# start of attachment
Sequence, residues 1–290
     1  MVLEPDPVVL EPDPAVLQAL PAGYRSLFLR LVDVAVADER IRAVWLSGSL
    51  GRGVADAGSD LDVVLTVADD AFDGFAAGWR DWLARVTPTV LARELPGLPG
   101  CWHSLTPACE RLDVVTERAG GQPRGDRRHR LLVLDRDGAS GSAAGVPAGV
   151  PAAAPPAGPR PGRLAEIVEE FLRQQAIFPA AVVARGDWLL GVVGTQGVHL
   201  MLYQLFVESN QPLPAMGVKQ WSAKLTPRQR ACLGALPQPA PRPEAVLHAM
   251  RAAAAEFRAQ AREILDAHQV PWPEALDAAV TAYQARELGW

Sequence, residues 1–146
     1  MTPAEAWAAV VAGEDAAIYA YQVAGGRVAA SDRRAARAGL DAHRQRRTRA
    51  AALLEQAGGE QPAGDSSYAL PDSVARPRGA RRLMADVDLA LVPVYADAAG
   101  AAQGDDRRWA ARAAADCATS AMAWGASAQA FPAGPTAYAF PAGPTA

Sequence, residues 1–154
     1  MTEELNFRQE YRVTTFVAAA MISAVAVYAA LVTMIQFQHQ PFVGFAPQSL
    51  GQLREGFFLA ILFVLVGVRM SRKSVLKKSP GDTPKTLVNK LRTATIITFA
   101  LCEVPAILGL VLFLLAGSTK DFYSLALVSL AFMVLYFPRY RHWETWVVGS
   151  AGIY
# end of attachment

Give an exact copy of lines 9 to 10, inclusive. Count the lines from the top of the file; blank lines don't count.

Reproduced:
     1  MTPAEAWAAV VAGEDAAIYA YQVAGGRVAA SDRRAARAGL DAHRQRRTRA
    51  AALLEQAGGE QPAGDSSYAL PDSVARPRGA RRLMADVDLA LVPVYADAAG